The Poignancy of Parish Registers

Now that so many English parish registers have been digitised, it has never been easier to access these precious records, which provide a window into everyday life in England from the sixteenth century onwards.

Relying on indexes and transcripts for parish register searches is never ideal, because these will always contain errors and omissions. However, there are other reasons for plunging into a line-by-line search of an old parish register. Before long, you will almost certainly come upon something that leaps out at you for its poignancy or oddity. You might find a mysterious doodle in the margin or an empty page. More often it will be a record of a baptism or burial that goes beyond the bare facts.

Doodle from Trowbridge, Wiltshire, parish register
Doodle from Trowbridge parish register (Wiltshire & Swindon History Centre/Ancestry)

This is particularly true of baptisms and burials recorded before 1813 and marriages before 1754. After those dates, it was a legal requirement to make entries in a set format in standardised register books. This legislation certainly benefited future historians and genealogists. In the cases of baptisms, learning the occupation of the child’s parent and the ‘abode’ of each family is more than welcome. Even more valuable in burial registers is an age at death, however approximate. However, in earlier times, when clergymen had more freedom to record events as they chose, some chose to include details about their parishioners that would otherwise have been lost for ever. Thus the hazards and hardships faced by our ancestors are fleetingly lit up; but the picture illuminated is rarely a happy one.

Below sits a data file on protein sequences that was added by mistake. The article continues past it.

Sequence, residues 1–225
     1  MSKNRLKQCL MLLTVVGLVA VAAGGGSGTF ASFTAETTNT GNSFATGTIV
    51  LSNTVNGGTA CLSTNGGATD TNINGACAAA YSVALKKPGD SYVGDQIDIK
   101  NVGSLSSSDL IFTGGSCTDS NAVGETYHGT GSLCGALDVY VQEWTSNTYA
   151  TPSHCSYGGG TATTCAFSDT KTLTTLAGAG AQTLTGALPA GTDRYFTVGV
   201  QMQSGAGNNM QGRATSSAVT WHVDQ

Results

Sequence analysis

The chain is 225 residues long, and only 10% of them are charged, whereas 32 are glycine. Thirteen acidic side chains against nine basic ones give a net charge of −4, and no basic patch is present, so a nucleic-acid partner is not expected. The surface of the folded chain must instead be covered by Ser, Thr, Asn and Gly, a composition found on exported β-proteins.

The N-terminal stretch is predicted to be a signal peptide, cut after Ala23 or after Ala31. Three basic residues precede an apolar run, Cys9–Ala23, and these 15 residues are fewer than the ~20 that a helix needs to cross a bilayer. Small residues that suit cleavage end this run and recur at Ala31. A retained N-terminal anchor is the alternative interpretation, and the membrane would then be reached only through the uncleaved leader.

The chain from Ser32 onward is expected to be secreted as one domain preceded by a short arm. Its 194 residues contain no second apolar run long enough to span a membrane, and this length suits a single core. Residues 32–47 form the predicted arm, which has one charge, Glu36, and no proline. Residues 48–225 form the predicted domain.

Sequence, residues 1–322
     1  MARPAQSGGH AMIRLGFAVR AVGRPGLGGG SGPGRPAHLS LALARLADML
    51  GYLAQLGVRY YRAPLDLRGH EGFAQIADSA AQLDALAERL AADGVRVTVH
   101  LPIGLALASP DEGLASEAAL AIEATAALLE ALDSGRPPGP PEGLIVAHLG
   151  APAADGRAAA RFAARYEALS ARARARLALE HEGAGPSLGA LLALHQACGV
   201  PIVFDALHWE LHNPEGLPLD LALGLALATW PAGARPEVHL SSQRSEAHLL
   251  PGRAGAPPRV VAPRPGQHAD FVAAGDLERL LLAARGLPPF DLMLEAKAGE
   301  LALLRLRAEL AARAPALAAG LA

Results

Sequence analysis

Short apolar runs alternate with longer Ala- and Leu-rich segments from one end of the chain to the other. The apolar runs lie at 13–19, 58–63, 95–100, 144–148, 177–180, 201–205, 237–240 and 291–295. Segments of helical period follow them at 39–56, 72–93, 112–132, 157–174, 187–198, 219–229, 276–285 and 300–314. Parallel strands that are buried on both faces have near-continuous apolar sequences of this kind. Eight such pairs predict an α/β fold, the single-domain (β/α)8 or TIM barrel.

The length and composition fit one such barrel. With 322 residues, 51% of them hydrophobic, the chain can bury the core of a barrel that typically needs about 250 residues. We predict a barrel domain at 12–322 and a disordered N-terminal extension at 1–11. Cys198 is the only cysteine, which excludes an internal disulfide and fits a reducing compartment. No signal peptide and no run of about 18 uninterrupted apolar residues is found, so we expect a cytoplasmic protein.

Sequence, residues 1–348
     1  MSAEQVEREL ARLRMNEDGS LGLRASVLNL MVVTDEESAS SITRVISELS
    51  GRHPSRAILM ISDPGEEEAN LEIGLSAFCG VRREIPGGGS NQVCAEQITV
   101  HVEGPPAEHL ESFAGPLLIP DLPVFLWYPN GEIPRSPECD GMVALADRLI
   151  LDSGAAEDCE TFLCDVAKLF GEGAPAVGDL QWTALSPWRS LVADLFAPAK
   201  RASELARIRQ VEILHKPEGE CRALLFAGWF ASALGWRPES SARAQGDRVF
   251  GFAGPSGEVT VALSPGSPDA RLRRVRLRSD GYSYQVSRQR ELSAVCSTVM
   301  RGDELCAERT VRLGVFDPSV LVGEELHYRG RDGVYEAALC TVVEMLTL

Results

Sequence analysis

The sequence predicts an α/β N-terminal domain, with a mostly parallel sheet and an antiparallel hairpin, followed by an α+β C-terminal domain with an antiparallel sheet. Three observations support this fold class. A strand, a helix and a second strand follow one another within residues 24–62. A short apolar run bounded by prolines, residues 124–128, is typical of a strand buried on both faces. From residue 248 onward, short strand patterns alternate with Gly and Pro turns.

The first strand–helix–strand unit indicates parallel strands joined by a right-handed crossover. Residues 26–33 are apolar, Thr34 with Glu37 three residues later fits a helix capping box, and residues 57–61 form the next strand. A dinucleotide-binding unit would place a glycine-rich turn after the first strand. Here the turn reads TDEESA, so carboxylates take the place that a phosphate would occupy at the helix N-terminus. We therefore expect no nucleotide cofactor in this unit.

Some distinctive hatches and dispatches

The early parish registers of Horsham, Sussex, are notably full of such details. For example, we learn that in May 1592 John Rowe al[ia]s Sparrowe was killed wth ye fall of a May pole as it was a setting up.

In the same parish, in 1596 the register records the burial of a premature illegitimate child:

A man Child unbaptized & not full growen w[hi]ch cam from the body of Alce Herrot begotten by Edw. Wilson a butcher of Bansted.

In January 1581 (according to the modern calendar) the Horsham parish registers recorded a rare triplet birth. Sadly, none of the three babies survived. The author omitted to name the unfortunate mother:

The 4 day bapt & buried Mathew John & Mary the three twynes of Willm Slater at one burden

Extract from Horsham parish register (West Sussex Record Office/Ancestry)

The registers of St Peter, Wolverhampton, strike a more hopeful note when the parish takes in an abandoned child. In September 1612 Fortune a child whom her mother unnaturally left in a Barne in Wolverhampton and ranne awaye from ytt was baptized.

The parish gave Fortune no surname and her life was probably short. In May 1632 the same register records the burial of Fortune a maidservant of Issabel Chartwright .

These are not our ancestors: but we can spare them a few moments of compassion as we pass them by.

Sources

Digitised Parish Registers of St Peter, Wolverhampton (Staffordshire Archives/Findmypast)

Digitised Parish Registers of St James, Trowbridge (Wiltshire & Swindon History Centre/Ancestry)

Digitised Parish Registers of St Mary, Horsham (West Sussex Record Office/Ancestry)

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